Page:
The dashboard, with that curvaceous lip running from one door to the other, contains the kind of instruments and controls you'd expect to see in an expensive sportster.
The entire passenger compartment, packing twin front buckets and room for up to three in back with surprising legroom, has a spacious feel which defies the fact that all of those inches for heads and legs and shoulders actually add up to the industry classification of a subcompact car.
Then too the look is dramatic.
Sunfire sets a bold stance with its sporty lines and bulging sides. Fascias wear bodyside tints to soften the lines, and the C-pillar has a devilish hook to accent the low roofline.
Even the rigid platform is new, with almost four inches added to the wheelbase (to smooth out the ride) and a track broadened to enhance the stance when maneuvering through twisty sets.
Suspension and steering components combine to produce a firm ride quality tuned for sport action.
Higher spring rates, front anti-roll bar, dual-path front struts and quicker steering ratio added to the power rack and pinion setup -- these are only a few of many components that Pontiac's engineering team packed into Sunfire to distinguish it from import and domestic rivals.
As another point of difference, this subcompact coupe rolls on 14-inch wheels and tires, then offers 15-inchers optional and, on ultimate GT, bold 16-inch cast aluminum wheels with performance radial tires.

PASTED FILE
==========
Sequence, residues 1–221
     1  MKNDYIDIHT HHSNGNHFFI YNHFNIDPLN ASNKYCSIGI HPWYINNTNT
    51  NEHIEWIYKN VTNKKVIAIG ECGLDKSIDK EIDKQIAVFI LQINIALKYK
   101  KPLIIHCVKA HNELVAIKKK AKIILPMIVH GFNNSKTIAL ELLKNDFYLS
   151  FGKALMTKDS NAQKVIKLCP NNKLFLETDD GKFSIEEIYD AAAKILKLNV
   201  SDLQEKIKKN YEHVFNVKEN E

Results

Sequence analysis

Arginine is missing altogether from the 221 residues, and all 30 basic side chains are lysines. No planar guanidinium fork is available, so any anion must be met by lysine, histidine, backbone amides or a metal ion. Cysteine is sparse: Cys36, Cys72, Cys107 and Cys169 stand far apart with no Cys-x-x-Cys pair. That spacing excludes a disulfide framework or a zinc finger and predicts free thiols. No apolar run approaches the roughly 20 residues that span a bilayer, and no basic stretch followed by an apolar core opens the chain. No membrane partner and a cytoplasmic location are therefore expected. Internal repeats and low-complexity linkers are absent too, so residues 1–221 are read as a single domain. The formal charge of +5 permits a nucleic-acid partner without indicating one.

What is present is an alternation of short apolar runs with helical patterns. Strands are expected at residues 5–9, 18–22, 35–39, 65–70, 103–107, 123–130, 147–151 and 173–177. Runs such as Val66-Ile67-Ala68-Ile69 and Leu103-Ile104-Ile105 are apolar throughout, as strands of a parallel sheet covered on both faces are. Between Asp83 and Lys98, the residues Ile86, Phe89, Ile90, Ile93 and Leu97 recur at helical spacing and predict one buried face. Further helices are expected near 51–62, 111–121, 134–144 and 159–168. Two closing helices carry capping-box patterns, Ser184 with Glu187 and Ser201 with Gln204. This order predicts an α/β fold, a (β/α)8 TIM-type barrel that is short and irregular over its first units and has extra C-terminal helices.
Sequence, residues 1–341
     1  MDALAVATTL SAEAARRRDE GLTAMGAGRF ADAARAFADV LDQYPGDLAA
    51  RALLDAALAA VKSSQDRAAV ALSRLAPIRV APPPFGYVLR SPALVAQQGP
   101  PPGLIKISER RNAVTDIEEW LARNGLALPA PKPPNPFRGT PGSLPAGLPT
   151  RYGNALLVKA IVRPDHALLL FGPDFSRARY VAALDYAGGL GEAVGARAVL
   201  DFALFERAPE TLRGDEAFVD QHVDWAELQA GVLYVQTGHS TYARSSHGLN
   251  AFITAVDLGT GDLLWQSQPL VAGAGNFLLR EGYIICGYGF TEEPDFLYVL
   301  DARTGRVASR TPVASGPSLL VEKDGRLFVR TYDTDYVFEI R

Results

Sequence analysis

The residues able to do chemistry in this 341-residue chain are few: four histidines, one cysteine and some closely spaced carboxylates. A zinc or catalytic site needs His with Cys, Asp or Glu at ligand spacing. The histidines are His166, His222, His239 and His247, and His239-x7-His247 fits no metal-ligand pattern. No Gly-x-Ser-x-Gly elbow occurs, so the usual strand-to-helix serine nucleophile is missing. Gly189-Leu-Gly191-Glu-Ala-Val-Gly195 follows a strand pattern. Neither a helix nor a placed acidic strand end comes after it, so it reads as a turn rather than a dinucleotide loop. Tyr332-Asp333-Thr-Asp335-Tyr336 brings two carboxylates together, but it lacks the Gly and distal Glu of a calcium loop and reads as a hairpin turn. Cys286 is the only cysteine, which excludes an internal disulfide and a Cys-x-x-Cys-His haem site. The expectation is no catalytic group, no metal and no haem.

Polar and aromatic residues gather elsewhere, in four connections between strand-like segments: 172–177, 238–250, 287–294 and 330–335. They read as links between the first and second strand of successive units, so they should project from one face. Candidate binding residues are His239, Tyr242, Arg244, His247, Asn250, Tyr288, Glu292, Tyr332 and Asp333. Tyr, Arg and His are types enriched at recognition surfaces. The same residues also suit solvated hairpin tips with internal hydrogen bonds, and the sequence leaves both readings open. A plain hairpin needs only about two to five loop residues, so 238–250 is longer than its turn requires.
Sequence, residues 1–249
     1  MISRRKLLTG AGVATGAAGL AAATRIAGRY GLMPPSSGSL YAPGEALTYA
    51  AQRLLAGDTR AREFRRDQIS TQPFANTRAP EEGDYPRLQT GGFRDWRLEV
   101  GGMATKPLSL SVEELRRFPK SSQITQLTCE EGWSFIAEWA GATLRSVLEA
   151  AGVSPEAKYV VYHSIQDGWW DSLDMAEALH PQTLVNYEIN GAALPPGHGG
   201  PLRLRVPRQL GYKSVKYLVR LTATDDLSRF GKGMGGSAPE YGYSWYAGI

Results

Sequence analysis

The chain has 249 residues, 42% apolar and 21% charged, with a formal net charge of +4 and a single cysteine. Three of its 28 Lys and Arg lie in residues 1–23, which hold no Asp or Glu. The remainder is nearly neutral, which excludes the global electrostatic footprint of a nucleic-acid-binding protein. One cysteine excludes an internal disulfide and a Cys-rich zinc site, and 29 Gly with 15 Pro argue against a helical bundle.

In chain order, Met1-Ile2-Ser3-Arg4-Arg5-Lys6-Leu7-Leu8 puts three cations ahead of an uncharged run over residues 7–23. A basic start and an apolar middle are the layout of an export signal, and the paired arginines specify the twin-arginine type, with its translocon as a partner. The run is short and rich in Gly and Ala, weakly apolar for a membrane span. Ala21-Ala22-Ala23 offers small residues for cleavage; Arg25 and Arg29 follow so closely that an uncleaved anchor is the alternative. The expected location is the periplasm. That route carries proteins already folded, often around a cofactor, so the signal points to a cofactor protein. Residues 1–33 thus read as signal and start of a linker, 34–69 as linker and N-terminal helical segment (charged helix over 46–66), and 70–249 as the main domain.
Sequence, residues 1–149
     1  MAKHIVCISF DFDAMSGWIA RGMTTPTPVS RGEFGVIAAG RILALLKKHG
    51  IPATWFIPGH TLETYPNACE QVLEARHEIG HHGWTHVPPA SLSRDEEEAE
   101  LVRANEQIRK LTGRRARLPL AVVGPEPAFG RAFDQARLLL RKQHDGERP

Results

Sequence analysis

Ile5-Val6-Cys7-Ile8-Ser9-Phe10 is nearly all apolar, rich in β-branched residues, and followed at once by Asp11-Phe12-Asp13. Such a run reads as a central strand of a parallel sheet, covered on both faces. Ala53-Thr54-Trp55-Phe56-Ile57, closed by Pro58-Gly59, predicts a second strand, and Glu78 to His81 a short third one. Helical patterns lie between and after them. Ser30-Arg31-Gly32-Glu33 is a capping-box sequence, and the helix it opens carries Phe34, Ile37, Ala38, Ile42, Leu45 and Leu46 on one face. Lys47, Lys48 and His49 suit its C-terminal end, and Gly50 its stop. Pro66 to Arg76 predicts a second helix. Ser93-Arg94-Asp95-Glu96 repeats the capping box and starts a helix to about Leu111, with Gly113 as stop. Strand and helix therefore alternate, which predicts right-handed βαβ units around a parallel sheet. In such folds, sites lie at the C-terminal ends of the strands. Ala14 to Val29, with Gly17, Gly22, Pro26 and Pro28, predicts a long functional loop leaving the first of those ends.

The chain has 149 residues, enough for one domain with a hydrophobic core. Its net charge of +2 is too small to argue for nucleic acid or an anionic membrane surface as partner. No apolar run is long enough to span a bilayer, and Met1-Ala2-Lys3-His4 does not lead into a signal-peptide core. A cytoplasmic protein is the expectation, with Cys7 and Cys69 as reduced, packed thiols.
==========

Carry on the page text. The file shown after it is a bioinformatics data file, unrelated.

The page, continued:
Safety elements begin with dual airbags for front riders but extend to 4-wheel anti-lock brakes on even the base SE edition. Other gear includes body-mounted safety belts, knee bolsters and 5-mph front and rear bumpers, a steel safety cage surrounding the passenger compartment, plus Pontiac's unique slotted frame rails which permit the vehicle to absorb more impact energy near the front of the body structure to buffer the passenger compartment.
Pontiac's PASSlock anti-theft ignition system is also aboard the GT edition when outfitted with the 4-speed automatic transmission, as is a traction control system.
Sunfire GT, with aero extensions below and decklid spoiler at the back, produces 150 horsepower from a dual-cam 2.3-liter in-line 4-cylinder engine rigged with 16 valves and multi-point fuel injection. This is the Quad-4 plant from General Motors, now improved with new balanced shaft system to eliminate shakes, rattles and rolls which characterized the previous edition.
The GT variation will not be available until early in 1995, as Pontiac's initial production will be limited to Sunfire SE Coupe and a 4-door sedan variation, each equipped with a 2.2-liter in-line-4 engine with overhead valving and horsepower output of 120.
This plant, when mated to the standard 5-speed manual transmission, scores as high as 35 miles per gallon in fuel efficiency, then drinks from a fuel tank which holds 15.2 gallons, resulting in an extensive cruising range of more than 500 miles.
Sunfire SE offers as an option a 3-speed automatic transmission, while Sunfire GT will use the optional 4-speed automatic with its sophisticated electronic controls.
1995 PONTIAC SUNFIRE COUPE
| Vehicle Specifications:
| 1995 PONTIAC SUNFIRE COUPE Specs
| Model Options:
| Overall Length:
| Engine Size:
||OHV 2.2-L I-4
DOHC 2.3-L I-4 16v
| Gas Mileage:
||$ 11,500 to $ 16,000